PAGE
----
• \$\begingroup\$ And, I don't know enough about the subject to make authorative statements - which is why I only made a suggestion in a comment. \$\endgroup\$
    – JRE
    Commented Jan 7, 2019 at 12:41
  • \$\begingroup\$ Bring a 117AC line cord near the cables from your sensors, so the electric field of the HOT wire gets coupled into your imbalanced sensor wires. Then examine the digitized code-spread, with varying distances between the power cord and the sensor wires. If you see the code-spread changing, then you have high-output-impedance sensors. \$\endgroup\$ Commented Jan 7, 2019 at 18:48

1 Answer 1


The following applies to signal transmission where the operating frequencies of the signal have a wavelength that is much, much greater than the cable length.

A "balanced" output means that an output presents an impedance from each terminal to "earth" that is equal. This means that any EMI hitting the interconnecting cable spreads interference equally to both conductors. It then follows that a differential amplifier can eradicate this "common mode" noise interference by subtraction. But, of course, the input differential amplifier must have a balanced input impedance too; however, given that input impedances are usually very much higher than output impedances, this is less of a problem.

A "differential" output brings to the party reduced emitted interference from the cable providing that the system is balanced (impedance balanced). Because the signal amplitude is also double what an equivalent single-ended output has, there is usually a 2:1 improvement in signal-to-noise ratio.

So, in your final diagram, ideally you would have a 100 ohm resistor duplicated in the negative lead feeding the differential input. That will impedance-balance the cable and it means that any external EMI hitting the cable is spread equally on both conductors.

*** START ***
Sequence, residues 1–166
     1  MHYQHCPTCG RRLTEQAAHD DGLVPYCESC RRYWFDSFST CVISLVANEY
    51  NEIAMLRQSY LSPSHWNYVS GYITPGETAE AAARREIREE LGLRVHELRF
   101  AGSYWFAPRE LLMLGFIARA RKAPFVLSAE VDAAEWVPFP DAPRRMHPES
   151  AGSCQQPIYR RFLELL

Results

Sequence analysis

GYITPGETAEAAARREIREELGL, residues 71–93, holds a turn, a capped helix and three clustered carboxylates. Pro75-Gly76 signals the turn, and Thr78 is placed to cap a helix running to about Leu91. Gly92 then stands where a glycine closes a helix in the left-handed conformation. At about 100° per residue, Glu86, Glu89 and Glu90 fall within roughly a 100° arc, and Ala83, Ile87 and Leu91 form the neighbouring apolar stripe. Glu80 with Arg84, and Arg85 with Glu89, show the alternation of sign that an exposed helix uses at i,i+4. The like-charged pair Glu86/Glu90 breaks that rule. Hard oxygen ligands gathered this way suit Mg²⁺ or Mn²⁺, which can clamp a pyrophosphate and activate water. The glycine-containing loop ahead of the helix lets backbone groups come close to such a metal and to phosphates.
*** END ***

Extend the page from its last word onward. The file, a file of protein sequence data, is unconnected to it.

See this Q&A for further details. This Q&A is also relevant.

  • \$\begingroup\$ I understand but all these type of transducers are singe ended (and unbalanced). None of them used here or manufactured in the market are balanced. If I had access to an example system would be great but I dont have such opportunity to see what they use. So I'm stuck with deciding should I convert each input to diff ended or just consider the transducer output impedance negligible. You mention adding 100 Ohm in negative lead but these transducers I linked none of their output impedance given. Im just guessing they are around 100 Ohm just a guess. \$\endgroup\$
    – user1245
    Commented Jan 7, 2019 at 13:16
  • \$\begingroup\$ Then you need to find out what your device is or measure it or add a controlled impedance in both wires close to the transducer that effectively overrides the transducer's own impedance. \$\endgroup\$
    – Andy aka
    Commented Jan 7, 2019 at 13:22
  • \$\begingroup\$ I see like adding 1k to each line(signal and negative lead) ? Makes sense as long as they dont introduce offset error due to voltage divider effect. These isolation modules have 100k input impedance. Maybe I should just leave with it and neglect the output imbalance. My main concern was 50Hz ground loops in SE system. Im really disappointed why manufacturers dont produce balanced transducers btw. \$\endgroup\$
    – user1245
    Commented Jan 7, 2019 at 13:28
  • \$\begingroup\$ You mean differential transducers not balanced transducers yes? \$\endgroup\$
    – Andy aka
    Commented Jan 7, 2019 at 13:41
  • \$\begingroup\$ There are such solutions analog.com/en/products/lt6350.html#product-overview which would also provide impedance balancing for each line but they require very clean power supply and in my case it will be so hard to install each time for every different transducer. Im talking about tens of transducers coupled to 14 channels different times. It is really pain to deal with that. Maybe the resistor method is better. If Im lucky maybe I dont even need these. \$\endgroup\$
    – user1245
    Commented Jan 7, 2019 at 13:47